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Blue Bus Official Brings Global Perspective to Santa Monica  

By Ann K. Williams
Lookout Staff

August 11, 2011 – In a coup for the Big Blue Bus transit system, Senior Service Planner Paul Casey has been awarded the Swedish Institute's Swedish-American Bicentennial Fellowship.

Casey will spend up to four weeks in Malmo, Sweden – known as the fourth most sustainable city in the world – and in Stockholm, studying their transit infrastructures and city planning with an eye toward ideas he can apply here in Santa Monica.

A graduate of the University of Chicago, and the University of Southern California, Casey has negotiated agreements with UCLA and Santa Monica College so that their students can ride the Big Blue Bus for free, upping ridership by 40 per cent.

An avid world traveller, Casey took time out of his schedule this week to answer a few of The Lookout's questions about his accomplishments in Santa Monica and his upcoming trip to Sweden.

Q: What are your achievements at the Big Blue Bus that you are the most proud of?

A: Rather than “proud” I would say that what satisfies me most is knowing that implementation of my ideas by the concerted efforts of everyone at Big Blue Bus has improved daily life for thousands of people.

Our passengers can set their alarm clocks a little later in the morning and they have a little more time in the evening to spend with their family because their bus commute takes less time.

Of course if I had to single out something more specific I would have to say negotiating the original deals with UCLA for BruinGO! and SMC for Any Line, Any Time, the unlimited ride pass programs for all students, faculty and staff.

Q: What plans for the future of the BBB do you see under your new director, Ed King?

A: That is really exciting to think about. It’s like imagining what will happen in a new millennium.

Next year, we'll implement the peak period bus lanes on Lincoln Boulevard.

When the current I-405 project is complete, an express bus route will run between the Van Nuys Metrolink station and Santa Monica/West LA. We have no practical transit link to the Valley.

Of course, EXPO has the potential to set in motion a complete change in the way we live and the demands on all transit services.

Q: What do you anticipate learning about during your fellowship in Sweden?

A: The most valuable insights are things you did not know existed prior to conducting the research. But of course I will begin with specific inquiries.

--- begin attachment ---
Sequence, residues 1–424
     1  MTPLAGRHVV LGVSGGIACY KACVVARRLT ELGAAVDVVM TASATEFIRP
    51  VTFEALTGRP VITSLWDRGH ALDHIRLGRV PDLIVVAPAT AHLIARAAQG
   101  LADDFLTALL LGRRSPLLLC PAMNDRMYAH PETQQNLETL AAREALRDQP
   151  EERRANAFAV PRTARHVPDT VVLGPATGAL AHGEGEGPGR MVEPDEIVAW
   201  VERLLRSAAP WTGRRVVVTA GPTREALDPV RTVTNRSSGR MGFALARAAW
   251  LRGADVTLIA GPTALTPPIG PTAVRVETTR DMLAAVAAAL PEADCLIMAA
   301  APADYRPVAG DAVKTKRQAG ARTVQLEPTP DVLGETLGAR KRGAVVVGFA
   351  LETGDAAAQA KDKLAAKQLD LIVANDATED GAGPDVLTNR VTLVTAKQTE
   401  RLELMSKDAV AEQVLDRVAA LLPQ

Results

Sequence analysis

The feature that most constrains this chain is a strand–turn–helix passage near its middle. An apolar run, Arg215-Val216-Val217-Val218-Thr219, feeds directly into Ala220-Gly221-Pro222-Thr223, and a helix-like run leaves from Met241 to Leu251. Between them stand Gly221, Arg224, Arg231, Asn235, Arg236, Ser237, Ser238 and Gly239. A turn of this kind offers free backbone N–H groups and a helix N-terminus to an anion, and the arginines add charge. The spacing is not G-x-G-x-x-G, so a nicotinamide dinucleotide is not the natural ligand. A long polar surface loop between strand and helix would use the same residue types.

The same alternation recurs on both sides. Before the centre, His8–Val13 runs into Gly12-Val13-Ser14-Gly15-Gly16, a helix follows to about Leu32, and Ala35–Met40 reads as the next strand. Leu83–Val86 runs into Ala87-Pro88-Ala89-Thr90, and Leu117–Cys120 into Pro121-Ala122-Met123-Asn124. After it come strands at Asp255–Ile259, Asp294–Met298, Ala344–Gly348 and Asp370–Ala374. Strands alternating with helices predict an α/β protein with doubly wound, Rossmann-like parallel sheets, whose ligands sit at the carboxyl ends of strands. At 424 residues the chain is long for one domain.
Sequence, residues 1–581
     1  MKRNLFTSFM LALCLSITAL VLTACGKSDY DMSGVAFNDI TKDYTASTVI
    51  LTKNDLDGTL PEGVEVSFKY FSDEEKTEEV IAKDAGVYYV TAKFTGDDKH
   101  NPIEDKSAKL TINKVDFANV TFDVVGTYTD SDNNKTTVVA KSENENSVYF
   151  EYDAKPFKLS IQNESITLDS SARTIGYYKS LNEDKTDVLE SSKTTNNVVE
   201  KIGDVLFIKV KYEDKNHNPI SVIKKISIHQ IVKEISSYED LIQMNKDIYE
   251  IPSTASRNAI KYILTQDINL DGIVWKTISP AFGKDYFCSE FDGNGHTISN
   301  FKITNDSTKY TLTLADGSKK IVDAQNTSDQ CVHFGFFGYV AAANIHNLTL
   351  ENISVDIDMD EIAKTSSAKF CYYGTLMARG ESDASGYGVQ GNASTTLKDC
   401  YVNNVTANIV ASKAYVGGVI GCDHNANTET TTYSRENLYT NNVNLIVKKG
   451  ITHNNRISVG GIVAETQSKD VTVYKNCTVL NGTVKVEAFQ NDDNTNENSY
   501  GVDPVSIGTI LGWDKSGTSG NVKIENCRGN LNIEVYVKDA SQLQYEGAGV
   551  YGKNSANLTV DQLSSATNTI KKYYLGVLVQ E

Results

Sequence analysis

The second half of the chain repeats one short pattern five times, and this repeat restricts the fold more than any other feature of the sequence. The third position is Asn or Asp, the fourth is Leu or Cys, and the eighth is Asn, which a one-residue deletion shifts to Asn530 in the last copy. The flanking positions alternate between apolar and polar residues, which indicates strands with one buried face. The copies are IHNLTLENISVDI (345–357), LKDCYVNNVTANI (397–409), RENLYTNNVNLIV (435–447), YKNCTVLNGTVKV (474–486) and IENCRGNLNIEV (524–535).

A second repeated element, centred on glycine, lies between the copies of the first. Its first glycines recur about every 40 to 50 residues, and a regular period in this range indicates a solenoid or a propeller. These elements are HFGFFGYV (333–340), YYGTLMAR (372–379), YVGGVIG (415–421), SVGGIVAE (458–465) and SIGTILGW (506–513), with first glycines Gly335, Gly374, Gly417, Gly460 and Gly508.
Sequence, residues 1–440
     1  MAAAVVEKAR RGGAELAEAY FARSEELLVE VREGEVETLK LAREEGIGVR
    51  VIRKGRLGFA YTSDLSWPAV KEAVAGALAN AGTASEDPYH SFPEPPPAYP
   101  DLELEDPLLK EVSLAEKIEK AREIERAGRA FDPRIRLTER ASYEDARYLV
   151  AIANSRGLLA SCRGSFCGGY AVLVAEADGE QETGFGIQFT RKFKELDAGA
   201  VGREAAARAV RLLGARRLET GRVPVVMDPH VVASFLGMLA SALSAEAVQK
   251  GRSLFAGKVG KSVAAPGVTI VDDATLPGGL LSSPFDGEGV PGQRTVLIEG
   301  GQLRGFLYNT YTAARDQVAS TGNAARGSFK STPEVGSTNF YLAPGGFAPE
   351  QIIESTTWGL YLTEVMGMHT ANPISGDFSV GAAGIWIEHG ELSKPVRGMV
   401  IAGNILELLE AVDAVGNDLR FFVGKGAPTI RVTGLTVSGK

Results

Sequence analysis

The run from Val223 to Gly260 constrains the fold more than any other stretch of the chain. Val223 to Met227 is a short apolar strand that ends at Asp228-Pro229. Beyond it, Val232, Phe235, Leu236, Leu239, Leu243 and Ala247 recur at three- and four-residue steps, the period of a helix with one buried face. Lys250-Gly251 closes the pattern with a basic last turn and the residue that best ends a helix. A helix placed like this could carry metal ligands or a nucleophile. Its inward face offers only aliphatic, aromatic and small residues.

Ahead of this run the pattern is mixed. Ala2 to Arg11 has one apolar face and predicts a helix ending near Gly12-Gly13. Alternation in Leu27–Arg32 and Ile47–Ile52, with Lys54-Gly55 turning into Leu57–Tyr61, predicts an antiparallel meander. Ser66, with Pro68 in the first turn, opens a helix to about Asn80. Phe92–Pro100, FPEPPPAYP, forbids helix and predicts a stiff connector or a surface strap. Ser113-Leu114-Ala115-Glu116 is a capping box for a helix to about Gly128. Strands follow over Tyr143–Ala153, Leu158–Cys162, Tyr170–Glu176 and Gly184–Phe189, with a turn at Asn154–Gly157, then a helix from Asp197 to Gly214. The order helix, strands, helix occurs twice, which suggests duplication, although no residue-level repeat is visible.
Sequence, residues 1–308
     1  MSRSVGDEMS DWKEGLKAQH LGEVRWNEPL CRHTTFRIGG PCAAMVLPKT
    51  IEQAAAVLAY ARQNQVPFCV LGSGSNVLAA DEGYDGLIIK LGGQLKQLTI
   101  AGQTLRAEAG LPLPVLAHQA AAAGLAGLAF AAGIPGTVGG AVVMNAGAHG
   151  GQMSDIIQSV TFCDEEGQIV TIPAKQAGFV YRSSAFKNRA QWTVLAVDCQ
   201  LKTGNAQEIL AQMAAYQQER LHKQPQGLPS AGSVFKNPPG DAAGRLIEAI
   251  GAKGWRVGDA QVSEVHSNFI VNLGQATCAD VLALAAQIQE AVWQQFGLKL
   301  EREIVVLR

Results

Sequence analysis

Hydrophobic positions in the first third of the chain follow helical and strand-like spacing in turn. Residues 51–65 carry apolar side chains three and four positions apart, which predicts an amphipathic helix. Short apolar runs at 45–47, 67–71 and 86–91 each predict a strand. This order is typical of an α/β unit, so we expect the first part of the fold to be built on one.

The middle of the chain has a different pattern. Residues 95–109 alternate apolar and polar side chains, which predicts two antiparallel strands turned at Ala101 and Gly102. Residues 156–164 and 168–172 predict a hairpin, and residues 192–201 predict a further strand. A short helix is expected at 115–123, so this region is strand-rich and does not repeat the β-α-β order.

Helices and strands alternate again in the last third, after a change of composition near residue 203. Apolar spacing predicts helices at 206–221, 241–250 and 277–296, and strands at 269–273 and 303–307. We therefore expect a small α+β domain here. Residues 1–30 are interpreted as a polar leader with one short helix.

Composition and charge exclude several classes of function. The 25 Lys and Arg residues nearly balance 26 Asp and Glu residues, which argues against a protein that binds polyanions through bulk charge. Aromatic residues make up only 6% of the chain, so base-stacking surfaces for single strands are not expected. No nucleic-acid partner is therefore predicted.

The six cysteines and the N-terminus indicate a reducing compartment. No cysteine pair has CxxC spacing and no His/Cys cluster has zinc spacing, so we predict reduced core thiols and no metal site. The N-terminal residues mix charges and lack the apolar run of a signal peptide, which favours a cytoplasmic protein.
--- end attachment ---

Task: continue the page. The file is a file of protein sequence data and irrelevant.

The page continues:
In Santa Monica, some people say, “What good will higher density development do for me!” I am intrigued that cities in Sweden have the explicit goal of preserving natural habitats and agricultural land that lie beyond their boundaries. They have chosen to build higher, on land already spoiled by humans rather than obliterating more animals and plants for low density sprawl. This is what it means to think and act both globally and locally.

Q: Any plans to see the sights as a tourist?

A: It is not possible to understand how things work without knowing the historical and cultural background of the place. What we know as “tourist sights” have become such because they are representative of a place, culture, economy and time which could include the future. I am a huge consumer of guidebooks.

Q: In the city's press release announcing your fellowship, you're said to enjoy "delving into unfamiliar situations.” Do you have an example of that, and what you learned from it?

A: I went by myself on a three-week trip I planned myself to Mali and Burkina Faso.

It was quite a sensation to make final descent under the stars and realize that the faint orange lights that suddenly appeared after hours of nothingness below were actually the cooking fires beside every dwelling defining the boundary between the Sahara and Bamako.

I walked down the exterior stairs from the safe Air France jumbo jet towards a completely dark tarmac with no terminal in sight. I took a risk I have never taken before of actually going with people who approached me in the customs area to offer me a ride service. I bet that the presence of a woman among them and the soldiers watching everyone would improve my odds.

It turned out that they were very charming, although I continued to be on the lookout for landmarks I had identified during prior research on Google Earth for the likely route between the airport and the hotel. I became more relieved each time we passed something I anticipated.

Later, for one week I trekked with a friend from Alaska who met up with me and our Dogon guide staying at villages with no electricity and no paved road access. Their technology is identical to that in the Fertile Crescent at the beginning of agriculture and permanent human settlements. Even the pottery looks like something at the Metropolitan museum from early Mesopotamia.

The biggest lesson I learned there is that the “essentials” consist of peace, clean well water and adequate rainfall. The Dogon have the essentials. Yet because of the singularity of the Dogon culture, these villagers who had never seen TV were accustomed to seeing visitors who have come from all over the world to see them.

I grew up in the south and am used to seeing machine picked cotton fields – the hasty mechanism leaves half the fibers still on the plant. In Burkina Faso, the little family plots of cotton are picked so clean by hand that I would not have known what had been on the stalks if not for my childhood memory of the shape of the plant.

In my next reincarnation, I might be a Washington lobbyist for West African cotton imports.


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